The first persons honored as saints were the martyrs. Pious legends of their deaths were considered affirmations of the truth of their faith in Christ.
The Roman Rite's Canon of the Mass contains only the names of martyrs, along with that of the Blessed Virgin Mary and, since 1962, that of St. Joseph her spouse.
By the fourth century, however, "confessors"—people who had confessed their faith not by dying but by word and life—began to be venerated publicly. Examples of such people are Saint Hilarion and Saint Ephrem the Syrian in the East, and Saint Martin of Tours and Saint Hilary of Poitiers in the West. Their names were inserted in the diptychs, the lists of saints explicitly venerated in the liturgy, and their tombs were honoured in like manner as those of the martyrs. Since the witness of their lives was not as unequivocal as that of the martyrs, they were venerated publicly only with the approval by the local bishop. This process is often referred to as "local canonization".
This approval was required even for veneration of a reputed martyr. In his history of the Donatist heresy, Saint Optatus recounts that at Carthage a Catholic matron, named Lucilla, incurred the censures of the Church for having kissed the relics of a reputed martyr whose claims to martyrdom had not been juridically proved. And Saint Cyprian (died 258) recommended that the utmost diligence be observed in investigating the claims of those who were said to have died for the faith. All the circumstances accompanying the martyrdom were to be inquired into; the faith of those who suffered, and the motives that animated them were to be rigorously examined, in order to prevent the recognition of undeserving persons. Evidence was sought from the court records of the trials or from people who had been present at the trials.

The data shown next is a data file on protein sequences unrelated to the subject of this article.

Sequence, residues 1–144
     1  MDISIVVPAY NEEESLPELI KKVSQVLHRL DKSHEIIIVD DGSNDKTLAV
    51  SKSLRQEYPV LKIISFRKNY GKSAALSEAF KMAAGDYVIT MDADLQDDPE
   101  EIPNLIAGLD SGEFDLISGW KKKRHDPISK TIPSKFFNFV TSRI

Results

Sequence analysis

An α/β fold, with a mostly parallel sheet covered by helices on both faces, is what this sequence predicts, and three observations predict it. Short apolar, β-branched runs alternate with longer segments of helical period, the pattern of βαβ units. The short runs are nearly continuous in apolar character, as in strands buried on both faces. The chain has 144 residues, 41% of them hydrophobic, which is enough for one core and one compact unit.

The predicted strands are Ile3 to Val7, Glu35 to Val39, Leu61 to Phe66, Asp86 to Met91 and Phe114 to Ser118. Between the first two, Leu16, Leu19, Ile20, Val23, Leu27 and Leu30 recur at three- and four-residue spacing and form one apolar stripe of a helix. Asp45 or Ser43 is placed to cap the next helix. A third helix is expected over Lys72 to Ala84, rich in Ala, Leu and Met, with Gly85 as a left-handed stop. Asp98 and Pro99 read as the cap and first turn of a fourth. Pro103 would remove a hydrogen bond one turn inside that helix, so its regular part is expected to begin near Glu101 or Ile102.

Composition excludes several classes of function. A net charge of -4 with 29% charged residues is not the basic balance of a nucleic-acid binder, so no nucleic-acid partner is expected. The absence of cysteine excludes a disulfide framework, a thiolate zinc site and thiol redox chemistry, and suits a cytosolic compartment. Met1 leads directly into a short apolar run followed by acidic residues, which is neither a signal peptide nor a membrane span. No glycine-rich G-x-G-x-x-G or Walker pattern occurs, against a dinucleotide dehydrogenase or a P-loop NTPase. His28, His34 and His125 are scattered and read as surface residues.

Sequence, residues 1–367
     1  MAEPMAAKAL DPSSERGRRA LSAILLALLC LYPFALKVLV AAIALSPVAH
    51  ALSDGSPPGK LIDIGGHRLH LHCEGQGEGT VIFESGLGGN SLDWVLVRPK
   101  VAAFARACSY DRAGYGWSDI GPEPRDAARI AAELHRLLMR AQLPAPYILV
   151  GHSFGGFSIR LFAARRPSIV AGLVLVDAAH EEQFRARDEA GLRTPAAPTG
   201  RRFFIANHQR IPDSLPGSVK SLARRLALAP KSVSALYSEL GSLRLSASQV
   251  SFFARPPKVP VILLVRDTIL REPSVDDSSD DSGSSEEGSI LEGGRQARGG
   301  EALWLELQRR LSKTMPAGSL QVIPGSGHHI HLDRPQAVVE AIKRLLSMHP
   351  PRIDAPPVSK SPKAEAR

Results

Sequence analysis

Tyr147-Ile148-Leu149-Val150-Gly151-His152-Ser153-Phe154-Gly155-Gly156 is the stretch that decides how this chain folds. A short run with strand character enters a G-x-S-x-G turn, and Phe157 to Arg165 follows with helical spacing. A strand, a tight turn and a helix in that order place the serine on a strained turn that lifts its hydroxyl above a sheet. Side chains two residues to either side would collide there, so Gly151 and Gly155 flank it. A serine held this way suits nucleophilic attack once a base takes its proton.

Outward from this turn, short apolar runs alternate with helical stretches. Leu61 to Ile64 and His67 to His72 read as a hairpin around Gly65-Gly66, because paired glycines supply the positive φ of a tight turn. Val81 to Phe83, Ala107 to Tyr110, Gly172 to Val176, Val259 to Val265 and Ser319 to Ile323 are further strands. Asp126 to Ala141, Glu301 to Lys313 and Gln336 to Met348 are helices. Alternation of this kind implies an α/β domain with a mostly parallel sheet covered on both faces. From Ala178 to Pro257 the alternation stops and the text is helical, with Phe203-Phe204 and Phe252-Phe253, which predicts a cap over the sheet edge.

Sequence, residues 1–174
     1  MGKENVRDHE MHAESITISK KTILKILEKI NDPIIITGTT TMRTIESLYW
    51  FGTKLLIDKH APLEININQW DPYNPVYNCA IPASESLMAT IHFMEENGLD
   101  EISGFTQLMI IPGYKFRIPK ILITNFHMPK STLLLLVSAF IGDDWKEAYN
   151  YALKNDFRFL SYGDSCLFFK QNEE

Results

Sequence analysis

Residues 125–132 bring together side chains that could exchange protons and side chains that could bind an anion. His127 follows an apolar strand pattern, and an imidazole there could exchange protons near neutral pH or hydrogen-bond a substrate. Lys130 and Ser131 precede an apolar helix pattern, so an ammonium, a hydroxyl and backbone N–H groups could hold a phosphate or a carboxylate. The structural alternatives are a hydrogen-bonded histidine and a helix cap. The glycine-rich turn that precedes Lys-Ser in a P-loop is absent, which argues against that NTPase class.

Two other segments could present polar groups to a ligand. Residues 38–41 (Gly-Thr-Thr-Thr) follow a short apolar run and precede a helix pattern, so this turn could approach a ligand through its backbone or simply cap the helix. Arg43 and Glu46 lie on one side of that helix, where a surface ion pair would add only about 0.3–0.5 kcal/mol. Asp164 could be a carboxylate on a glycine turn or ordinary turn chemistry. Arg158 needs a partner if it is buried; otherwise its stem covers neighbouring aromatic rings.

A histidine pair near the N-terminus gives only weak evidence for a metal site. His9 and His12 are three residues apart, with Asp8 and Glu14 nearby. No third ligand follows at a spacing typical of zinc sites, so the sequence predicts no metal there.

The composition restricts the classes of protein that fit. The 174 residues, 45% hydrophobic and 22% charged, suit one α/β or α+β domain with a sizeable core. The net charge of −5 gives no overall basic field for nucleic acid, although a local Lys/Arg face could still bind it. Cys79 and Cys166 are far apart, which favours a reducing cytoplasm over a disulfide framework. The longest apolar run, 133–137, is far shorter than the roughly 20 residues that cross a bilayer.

Augustine of Hippo (died 430) tells of the procedure which was followed in his day for the recognition of a martyr. The bishop of the diocese in which the martyrdom took place set up a canonical process for conducting the inquiry with the utmost severity. The acts of the process were sent either to the metropolitan or primate, who carefully examined the cause, and, after consultation with the suffragan bishops, declared whether the deceased was worthy of the name of 'martyr' and public veneration.
Acts of formal recognition, such as the erection of an altar over the saint's tomb or transferring the saint's relics to a church, were preceded by formal inquiries into the sanctity of the person's life and the miracles attributed to that person's intercession.
Such acts of recognition of a saint were authoritative, in the strict sense, only for the diocese or ecclesiastical province for which they were issued, but with the spread of the fame of a saint, were often accepted elsewhere also.